Effective independent monitoring involves incorporation of oversight through auditing and investigative tools of a business or practice by a third party. One prominent model has been used for more than twenty five years in public school building projects in New York. Perhaps the most successful pioneering program for corporate monitoring is the Independent Private Sector Inspector General (IPSIG) program developed in New York in response to the 1989 report, Corruption and Racketeering in the New York City Construction Industry.6 In 1991, the Federal Sentencing Guidelines shifted policing responsibilities from the government to the defendant corporation, which had the effect of promoting independent monitoring and IPSIG models by offering less stringent penalties for companies that took steps to detect and prevent fraud, report misconduct promptly, and create a culture in which high-level officials did not participate in or condone criminal activity.
The IPSIG program, which was used to investigate the theft of scrap materials from The World Trade Center site after 9-11, created an ongoing monitoring program for construction companies with large state contracts. It requires the contractors to maintain a 24-hour hotline that employees and others can use to report any wrongdoing; it also provides monitors with ongoing access to financial reports and other records, as well as to employees. IPSIG monitors professionals in the healthcare, accounting, and insurance industries, and businesses and individuals that contract with the state government. The IPSIG model utilizes private sector resources and expertise as an independent, private sector firm (as opposed to a governmental agency) that possesses legal, auditing, investigative, and loss prevention skills, that is employed by an organization (1) to ensure that organization’s compliance with relevant laws and regulations, and (2) to deter, prevent, uncover, and report unethical and illegal conduct committed by the organization itself, occurring within the organization, or committed against the organization. Notably, an IPSIG may be hired voluntarily by an organization or it may be imposed upon an organization by compulsory process such as a licensing order issued by a governmental agency, by court order, or pursuant to the terms of a deferred prosecution agreement.
The independent monitoring model that has evolved in federal contracting, as well as with licensed and regulated industries around the country, differs somewhat from the IPSIG model, which has been criticized by some who feel that IPSIGs can be too intrusive into areas of a company that have nothing to do with the matter at hand.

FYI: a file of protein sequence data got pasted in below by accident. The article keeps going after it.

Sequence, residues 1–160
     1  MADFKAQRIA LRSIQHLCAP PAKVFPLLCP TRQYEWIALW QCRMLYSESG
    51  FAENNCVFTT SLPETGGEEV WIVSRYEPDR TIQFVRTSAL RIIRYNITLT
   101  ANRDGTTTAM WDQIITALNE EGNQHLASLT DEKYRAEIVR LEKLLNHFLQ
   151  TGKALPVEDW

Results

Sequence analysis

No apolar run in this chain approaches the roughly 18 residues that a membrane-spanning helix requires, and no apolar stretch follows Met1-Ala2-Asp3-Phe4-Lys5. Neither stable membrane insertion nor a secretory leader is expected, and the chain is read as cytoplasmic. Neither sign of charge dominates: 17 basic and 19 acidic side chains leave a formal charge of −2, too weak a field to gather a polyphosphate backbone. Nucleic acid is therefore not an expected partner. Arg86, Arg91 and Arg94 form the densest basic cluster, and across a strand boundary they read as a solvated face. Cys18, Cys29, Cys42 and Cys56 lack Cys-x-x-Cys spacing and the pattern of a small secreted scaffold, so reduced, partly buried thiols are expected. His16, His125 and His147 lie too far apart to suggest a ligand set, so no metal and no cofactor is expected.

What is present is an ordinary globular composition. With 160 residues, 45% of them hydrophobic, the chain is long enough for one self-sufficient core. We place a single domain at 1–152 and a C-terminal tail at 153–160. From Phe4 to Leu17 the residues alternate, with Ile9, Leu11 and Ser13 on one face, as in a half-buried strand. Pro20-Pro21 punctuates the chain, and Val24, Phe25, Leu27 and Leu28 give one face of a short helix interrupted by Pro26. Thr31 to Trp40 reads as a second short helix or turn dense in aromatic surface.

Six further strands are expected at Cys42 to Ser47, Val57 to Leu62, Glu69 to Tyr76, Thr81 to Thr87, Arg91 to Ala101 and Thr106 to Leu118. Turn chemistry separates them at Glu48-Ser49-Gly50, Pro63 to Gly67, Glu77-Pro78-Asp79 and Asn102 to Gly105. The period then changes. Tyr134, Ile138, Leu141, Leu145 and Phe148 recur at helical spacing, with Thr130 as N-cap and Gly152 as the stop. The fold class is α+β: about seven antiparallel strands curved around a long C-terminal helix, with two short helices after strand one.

The increased focus on corporate scrutiny resulting from the 2001 Enron scandal, and more recently a series of corporate frauds associated with both the financial services and automobile industries, have increased public attention to the challenges of addressing corporate business ethics in our country. Strengthening of the Civil False Claims Act legislation federally and in many states, and the increased use of DPAs, NPAs and Civil Settlement Agreements have furthered the impetus to use corporate monitors to help address the costs of litigation and reduce the backlog of corporate fraud prosecutions in a manner that protects the public.
In the past, “a prosecutor’s choices when faced with corporate wrongdoing, were essentially binary: he or she could either bring charges or decline prosecution, with no middle ground allowing for continued supervision or enforced remediation.” Because of the rigidity of existing standards, prosecutors sought “a way that would enable them to exercise their discretion not to charge a corporation in appropriate circumstances but that would, at the same time, give them sufficient leverage to require significant changes in corporate culture, compliance and controls and, as importantly, monitor those changes for a reasonable period of time. Thus was born the corporate deferred prosecution agreement (DPA) and its adjunct, the Independent Monitor.”
Monitors are commonly associated with DPAs and other pretrial agreements, which “have been used with more frequency recently to resolve a wide variety of criminal investigations, ranging from accounting fraud to tax fraud to violations of the Foreign Corrupt Practices Act (FCPA).  Monitors have been used in cases involving well-known companies such as Volkswagon, Teva, Odebrecht, Braskem, and Microsoft. The Securities and Exchange Commission (SEC) is also using them frequently in enforcement actions, such as in its action against WorldCom. The use of monitors is increasingly common in state courts as well, and they are sometimes used in cases when there is no prosecution involved. Monitors have been used in high-profile cases, such as the 2002 case against Arthur Andersen executives involved with Enron, and in the recent BP oil spill settlement.